The chair of the Judicial College has urged advocates to be more concise to win judges over, complaining about grounds of appeal that are “too long, rambling, waffling [and] warbling”.
Lady Justice Rafferty questioned why some were “wedded to archaic syntax and particularly to the passive voice? ‘It is thought’, ‘It is arguable’, ‘It is suggested’ are favourites.
“Well, it certainly is suggested, at least by me, that this has reached the end of its natural life.”
Though her speech was in a criminal law context – given to the Criminal Law Review Conference – the comments could undoubtedly apply just as much to civil practitioners.
She cited some papers on her desk that she had randomly landed upon to make her point. These began: “The offender faced a four count indictment as follows: The offender faced trial before the judge and jury…”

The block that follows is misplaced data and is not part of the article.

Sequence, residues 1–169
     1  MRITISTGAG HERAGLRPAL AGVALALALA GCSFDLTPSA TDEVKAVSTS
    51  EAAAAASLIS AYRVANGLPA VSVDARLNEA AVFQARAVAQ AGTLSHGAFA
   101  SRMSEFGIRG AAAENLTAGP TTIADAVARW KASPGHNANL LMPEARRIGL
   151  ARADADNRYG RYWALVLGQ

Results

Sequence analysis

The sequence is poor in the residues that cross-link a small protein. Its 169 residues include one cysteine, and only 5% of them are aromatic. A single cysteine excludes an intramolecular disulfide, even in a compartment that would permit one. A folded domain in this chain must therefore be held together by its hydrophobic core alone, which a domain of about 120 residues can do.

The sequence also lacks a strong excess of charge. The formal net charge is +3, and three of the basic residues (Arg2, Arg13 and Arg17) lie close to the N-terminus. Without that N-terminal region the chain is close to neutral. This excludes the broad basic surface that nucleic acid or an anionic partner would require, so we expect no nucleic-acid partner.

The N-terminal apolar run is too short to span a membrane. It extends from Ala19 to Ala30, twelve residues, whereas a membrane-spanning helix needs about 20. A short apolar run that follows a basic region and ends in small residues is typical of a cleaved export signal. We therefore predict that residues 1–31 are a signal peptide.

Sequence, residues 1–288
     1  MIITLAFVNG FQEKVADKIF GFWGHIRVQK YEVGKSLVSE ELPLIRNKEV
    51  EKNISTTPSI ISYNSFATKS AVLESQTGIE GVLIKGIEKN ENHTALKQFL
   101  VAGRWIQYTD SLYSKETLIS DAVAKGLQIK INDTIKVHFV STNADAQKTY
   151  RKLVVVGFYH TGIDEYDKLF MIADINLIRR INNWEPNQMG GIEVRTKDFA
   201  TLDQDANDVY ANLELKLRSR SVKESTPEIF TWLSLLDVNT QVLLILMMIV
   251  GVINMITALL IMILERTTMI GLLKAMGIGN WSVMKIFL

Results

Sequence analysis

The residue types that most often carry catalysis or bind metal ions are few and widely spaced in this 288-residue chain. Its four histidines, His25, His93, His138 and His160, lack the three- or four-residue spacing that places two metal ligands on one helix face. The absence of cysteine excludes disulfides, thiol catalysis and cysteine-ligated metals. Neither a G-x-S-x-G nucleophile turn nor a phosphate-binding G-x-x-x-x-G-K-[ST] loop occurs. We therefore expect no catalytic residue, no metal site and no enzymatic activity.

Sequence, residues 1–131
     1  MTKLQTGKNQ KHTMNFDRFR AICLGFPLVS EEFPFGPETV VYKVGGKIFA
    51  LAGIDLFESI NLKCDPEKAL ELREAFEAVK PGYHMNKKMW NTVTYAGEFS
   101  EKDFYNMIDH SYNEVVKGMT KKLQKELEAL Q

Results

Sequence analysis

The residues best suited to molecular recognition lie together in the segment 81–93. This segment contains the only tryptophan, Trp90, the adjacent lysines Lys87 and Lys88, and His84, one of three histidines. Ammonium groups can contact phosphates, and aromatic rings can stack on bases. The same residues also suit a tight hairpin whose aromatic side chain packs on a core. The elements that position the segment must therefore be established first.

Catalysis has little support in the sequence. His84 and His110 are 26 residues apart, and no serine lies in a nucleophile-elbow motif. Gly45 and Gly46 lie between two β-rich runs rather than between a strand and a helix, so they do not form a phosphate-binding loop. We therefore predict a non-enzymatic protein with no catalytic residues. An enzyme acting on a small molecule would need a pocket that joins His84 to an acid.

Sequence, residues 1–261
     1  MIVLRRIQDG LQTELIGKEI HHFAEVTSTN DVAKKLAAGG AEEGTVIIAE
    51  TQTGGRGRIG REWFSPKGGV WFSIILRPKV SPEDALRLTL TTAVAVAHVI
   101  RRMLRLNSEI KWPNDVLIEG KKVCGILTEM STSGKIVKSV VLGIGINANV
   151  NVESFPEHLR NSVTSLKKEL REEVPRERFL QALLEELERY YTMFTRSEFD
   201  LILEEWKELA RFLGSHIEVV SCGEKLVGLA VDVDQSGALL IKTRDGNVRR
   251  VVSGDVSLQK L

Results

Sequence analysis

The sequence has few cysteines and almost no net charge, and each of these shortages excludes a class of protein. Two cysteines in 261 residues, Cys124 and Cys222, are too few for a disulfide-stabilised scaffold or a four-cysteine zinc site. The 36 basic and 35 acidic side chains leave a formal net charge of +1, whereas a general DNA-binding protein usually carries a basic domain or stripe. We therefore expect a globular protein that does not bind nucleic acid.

She said: “Now, if he were tried in a Crown Court, call me old-fashioned but isn’t that bound to be before a judge and jury? And don’t all counts sit on an indictment?”
Rafferty LJ continued: “In a skeleton argument I can read about the ‘learned judge’ up to 60 times. Speaking entirely for myself life will still hold meaning for me if I am referred to as the judge not the learned judge.
“Similarly, the author’s respect for the judge’s efforts below doesn’t need to be repeated 15 times, let alone made more profound when it becomes ‘with the greatest respect’…
“The reader, in circumstances you and I know well, does in my opinion better when confronted with fewer words. The advocate’s points stand out better. The effort for the judge reading is reduced, and, bear in mind, you want the judge on your side.”